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'Abraham Lincoln: Vampire Hunter' Movie Review

About.com Rating 2.5 Star Rating

By

Benjamin Walker as Abe Lincoln in 'Abraham Lincoln: Vampire Hunter'

Benjamin Walker as Abe Lincoln in 'Abraham Lincoln: Vampire Hunter'

© Twentieth Century Fox Film Corporation. All rights reserved
Seth Grahame-Smith's entertaining mash-up of history and horror that is the bestselling book, Abraham Lincoln: Vampire Hunter, makes its way to the big screen with lots of gore, a too stingy sprinkling of humor, and horribly overdone, unnecessary 3D effects. Grahame-Smith's book was a fun summer read, combining real historical events in the life of the 16th President of the United States with the notion that one of our most beloved Presidents was actually an axe-wielding vampire slayer. Forget what you thought you knew about Honest Abe, the lanky Prez who favored stovetop hats was Buffy before Buffy was cool. But cool isn't a word I'd use to describe Abraham Lincoln: Vampire Hunter. Disappointing, yes. Frustrating, definitely. But cool? No, that wouldn't describe this horror thriller.
Although Grahame-Smith adapted his own book, much of the rich history of the period as well as the well-crafted supporting characters he created are left on the cutting room floor in the film version of his novel. What's left is a stripped-down to the very basics story which may satisfy horror fans but will leave readers of the book, as well as audiences hoping for a smarter take on the vampire genre, disappointed. It may also not play well with action movie fans as director Timur Bekmambetov appears to have placed the desire to incorporate gimmicky 3D shots over simply delivering well-choreographed, exciting action sequences. We get served a lot of close-ups of weapons and the damage they inflict on their targets when concentrating on capturing the fight scene in its entirety would have been much more entertaining.

The Story:

It's very basic, really. Abraham Lincoln (played by Benjamin Walker) watched his mother die as the result of a vampire attack and immediately vowed revenge on the creature, powerful local businessman/vampire Jack Barts (Marton Csokas), who caused her death. However, years later a young adult Abe still isn't fully prepared to take down a bloodsucker, and his first attempt at murdering the vampire who killed his beloved mother nearly ends in his own death. Rescued by a mysterious stranger named Henry (Dominic Cooper), Lincoln now finally has a mentor who can school him in the fine art of vampire slaying. Henry teaches Abe how to best kill vampires after extracting a promise that he will follow Henry's orders and forget about revenge.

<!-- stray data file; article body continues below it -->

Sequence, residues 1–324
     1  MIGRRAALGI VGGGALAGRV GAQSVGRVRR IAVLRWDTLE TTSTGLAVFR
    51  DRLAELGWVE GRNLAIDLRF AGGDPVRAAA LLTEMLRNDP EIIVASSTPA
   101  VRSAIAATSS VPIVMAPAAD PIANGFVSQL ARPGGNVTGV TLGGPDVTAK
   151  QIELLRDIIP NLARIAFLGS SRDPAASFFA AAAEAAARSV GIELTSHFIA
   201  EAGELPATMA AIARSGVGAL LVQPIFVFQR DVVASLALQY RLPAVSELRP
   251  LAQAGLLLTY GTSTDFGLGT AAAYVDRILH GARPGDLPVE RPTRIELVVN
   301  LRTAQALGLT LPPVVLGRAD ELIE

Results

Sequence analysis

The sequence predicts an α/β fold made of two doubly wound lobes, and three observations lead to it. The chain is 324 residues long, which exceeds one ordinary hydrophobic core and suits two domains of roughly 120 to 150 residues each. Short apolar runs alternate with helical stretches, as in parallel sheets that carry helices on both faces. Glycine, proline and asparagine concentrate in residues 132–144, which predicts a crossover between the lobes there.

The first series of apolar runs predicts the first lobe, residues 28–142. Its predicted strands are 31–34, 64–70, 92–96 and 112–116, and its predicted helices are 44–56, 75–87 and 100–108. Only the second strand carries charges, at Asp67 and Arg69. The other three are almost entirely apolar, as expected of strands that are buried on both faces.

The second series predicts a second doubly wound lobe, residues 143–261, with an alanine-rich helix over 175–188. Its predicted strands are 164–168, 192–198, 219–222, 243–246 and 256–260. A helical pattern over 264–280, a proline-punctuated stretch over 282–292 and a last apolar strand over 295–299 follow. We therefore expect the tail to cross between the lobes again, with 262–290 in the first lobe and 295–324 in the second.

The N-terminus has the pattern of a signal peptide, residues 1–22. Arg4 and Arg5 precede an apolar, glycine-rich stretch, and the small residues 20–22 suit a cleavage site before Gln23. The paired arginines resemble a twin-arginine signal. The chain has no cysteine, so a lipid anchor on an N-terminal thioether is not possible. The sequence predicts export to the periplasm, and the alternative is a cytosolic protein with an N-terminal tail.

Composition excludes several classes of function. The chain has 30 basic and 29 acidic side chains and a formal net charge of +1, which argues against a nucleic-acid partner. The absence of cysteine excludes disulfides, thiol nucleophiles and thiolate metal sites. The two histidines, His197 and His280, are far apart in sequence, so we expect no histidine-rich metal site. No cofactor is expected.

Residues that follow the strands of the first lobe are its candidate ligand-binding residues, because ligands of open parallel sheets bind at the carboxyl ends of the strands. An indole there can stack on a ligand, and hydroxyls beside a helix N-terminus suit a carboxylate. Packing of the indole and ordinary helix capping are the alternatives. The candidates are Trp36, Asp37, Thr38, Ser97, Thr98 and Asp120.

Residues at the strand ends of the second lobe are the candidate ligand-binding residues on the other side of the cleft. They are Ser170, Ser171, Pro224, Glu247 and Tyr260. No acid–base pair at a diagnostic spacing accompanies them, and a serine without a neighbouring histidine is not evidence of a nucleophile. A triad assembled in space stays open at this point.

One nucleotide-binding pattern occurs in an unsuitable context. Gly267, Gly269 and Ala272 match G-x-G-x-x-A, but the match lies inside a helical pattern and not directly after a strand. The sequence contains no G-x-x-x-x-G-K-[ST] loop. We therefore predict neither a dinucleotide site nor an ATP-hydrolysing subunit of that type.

But revenge is never far from Abe's mind, and even after meeting the love of his life, studying law, and moving into politics - all while racking up an impressive dead vampire body count - Abe's lust for revenge is a fire constantly burning in his heart and soul that demands attention.

The Acting:

Benjamin Walker makes for a fine Abraham Lincoln. He looks the part (and looks a lot like a young Liam Neeson) and has a charming presence on screen, however he never quite sells the action hero/vampire-slaying side of this Lincoln. In supporting roles, Anthony Mackie as Lincoln's lifelong best friend and trusted companion, Jimmi Simpson as the Springfield shop owner who befriends Lincoln, Rufus Sewell as the most powerful vampire in America, and Mary Elizabeth Winstead as Mary Todd all provide solid support. But it's Dominic Cooper as Lincoln's vampire-slaying mentor, Henry, who gives the movie its energy. Unfortunately, he's absent from much of the film's 105 minute running time.

The Bottom Line:

Abraham Lincoln: Vampire Hunter should have provided a few hours of escapist fun. And there are a few genuinely funny moments as well as a couple of inventive fight sequences that seem to be there just to tease us into wondering how good ALVH could have been if Bekmambetov had been deprived of his 3D toys and told to focus instead on fight scenes the audience could follow without getting a headache. Bekmambetov obviously loved playing with the film's speed, but the results aren't what he was hoping to accomplish. Manic doesn't mix well with sluggish when fight scenes are forced to continuously rotate from one speed to the other. It's jarring and nearly nauseating, and isn't as clever as the director believes it to be. Honestly, even with a relatively short running time, Abraham Lincoln overstays its welcome.

Visually, Abraham Lincoln looks sloppy. The digital effects aren't smoothly integrated into the film, and scenes still look rough around the edges. My eyes ached after catching this in 3D, and I'd suggest that if you have to see this one in theaters, do not pay extra for the 3D version unless A) you're into pain, B) you love to toss away your money, and/or C) you need to hide the fact you're sleeping through what was supposed to be one of the summer of 2012's best action films.

Grade: C

Abraham Lincoln: Vampire Hunter was directed by Timur Bekmambetov and is rated R for violence throughout and brief sexuality.

Theatrical Release: June 22, 2012

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